D.C. also stands apart from the crowd, according to Ali, because of the way it implemented this change. “Especially for comparing it to the resolutions that passed in Santa Cruz, Oakland, Denver, etc, those were all resolutions that were passed at the city council level,” he said. “This is the first time a resolution like this was put before the entire votership of a city.” 


As a result, we saw the entire city say yes to drugs, not just a progressive city council. 

Sick. What do I do if I come into contact with a cop who doesn’t respect the new drug laws?

This one’s a bummer. Ali said the best thing you can do if you come into contact with law enforcement officials who aren’t quite with the program is to be cool, stay quiet and ask to speak to an attorney. 

“Although the only outcome that's supposed to happen [in Oregon] is a $100 fine, which is very different from an arrest, that may not stop a rogue cop from harassing someone,” he said. “But ultimately, the criminality is determined by the prosecution, so theoretically in a worst case scenario if someone does get arrested or taken on something that's drug-related, the prosecution would drop the charges related to activities that are covered under the new resolution.” 

Sutton agreed. “That's the great thing about having these measures pass,” he said. “The laws changed, and just as much as people have to respect the laws, the people that are enforcing the laws have to respect them as well.”

Word. Well, what’s going to happen to people in these states who are incarcerated on drug charges right now? 

Oregon’s broad decriminalization measure did not include provisions regarding people who have been imprisoned for drug charges, so as of now, they’ll remain where they are.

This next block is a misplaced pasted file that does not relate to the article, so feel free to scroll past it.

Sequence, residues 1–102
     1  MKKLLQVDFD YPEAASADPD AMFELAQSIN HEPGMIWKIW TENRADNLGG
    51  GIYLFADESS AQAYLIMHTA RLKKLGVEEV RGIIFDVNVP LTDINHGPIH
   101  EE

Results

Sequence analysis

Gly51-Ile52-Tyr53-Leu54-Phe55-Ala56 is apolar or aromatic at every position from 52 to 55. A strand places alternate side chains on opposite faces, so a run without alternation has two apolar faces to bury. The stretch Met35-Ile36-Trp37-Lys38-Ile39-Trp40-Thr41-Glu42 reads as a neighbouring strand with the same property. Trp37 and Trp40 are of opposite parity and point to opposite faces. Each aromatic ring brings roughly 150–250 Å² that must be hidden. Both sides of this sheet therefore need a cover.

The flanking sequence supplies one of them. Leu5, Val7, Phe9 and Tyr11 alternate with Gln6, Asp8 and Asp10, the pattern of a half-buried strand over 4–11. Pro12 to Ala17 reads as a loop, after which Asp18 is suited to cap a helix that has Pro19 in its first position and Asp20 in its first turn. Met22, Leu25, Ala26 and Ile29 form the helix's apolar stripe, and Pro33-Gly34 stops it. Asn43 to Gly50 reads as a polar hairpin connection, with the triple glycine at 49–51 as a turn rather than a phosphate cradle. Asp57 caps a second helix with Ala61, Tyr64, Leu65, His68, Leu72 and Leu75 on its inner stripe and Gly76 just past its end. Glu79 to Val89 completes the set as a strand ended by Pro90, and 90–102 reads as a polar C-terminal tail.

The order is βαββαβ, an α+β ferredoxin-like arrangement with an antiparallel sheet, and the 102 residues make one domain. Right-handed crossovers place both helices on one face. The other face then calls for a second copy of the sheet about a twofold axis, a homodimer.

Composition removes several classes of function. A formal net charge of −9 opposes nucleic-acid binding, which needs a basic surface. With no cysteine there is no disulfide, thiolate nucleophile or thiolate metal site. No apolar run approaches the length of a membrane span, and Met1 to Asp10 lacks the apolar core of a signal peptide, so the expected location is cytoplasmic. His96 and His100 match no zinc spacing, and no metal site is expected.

Drug policy reform advocates at organizations like DPA and MAPS are, however, working on cannabis industry equity programs and pushing criminal record expungements for people criminalized in the war on drugs. “We are going to make sure that we are holding legislators to the fire and holding them accountable to make sure that we get additional legislation that will remove those kinds of charges,” Sutton said. 


Sutton also said that while record expungement and similar reforms are still in the works, decriminalization is already a big win for some of the people most impacted by the criminal justice system. “We're in a moment in time where we're reckoning with police violence, and drug possession is what is creating a lot of those interactions,” Sutton said. “Drug possession remains the most arrested offense in the United States. So, if we're looking for a way to reform policing in the United States, decriminalizing drugs is honestly the biggest thing that we can do.”

Damn, OK. What does all of this mean for federally legal weed, and for drug laws in other states? 

Not as much as we’d like it to. “Federal prohibition and state prohibition operate at quite different levels,” Ali said. “Especially with these changes, we're talking about voter initiatives, where it's the people, the citizens themselves voting on something. That is very different than having congressional representatives support something in the legislature, and in Congress.”

Thanks to the “representatives” who don’t actually seem to represent what the masses want in terms of decriminalization and legalization of weed and beyond (see: both presidential candidates, for starters!), it might be an uphill battle. Another obstacle? The moves towards reparations and expungement mentioned above. 

“As we reform our marijuana laws, we have to make sure that we start righting the wrongs of prohibition, and that we find ways to get back to those communities in terms of the ability for them to participate in the new legal marijuana economy,” Sutton said. “If we weren't insisting so much on those kinds of provisions, Republicans would probably pass it through. But that's not acceptable. It's not acceptable that rich white men entrepreneurs would be benefiting the legal economy, while we still have people that are suffering from the consequences of doing stuff that's now legal.”

But according to Sutton, that’s not cause for despair. 

“For all the states that have legalized marijuana, there's only been two that have done it through the legislative process, Vermont and Illinois, and the rest have all taken place at the ballot box,” he said. “It really starts to make legislators look a little tone-deaf.”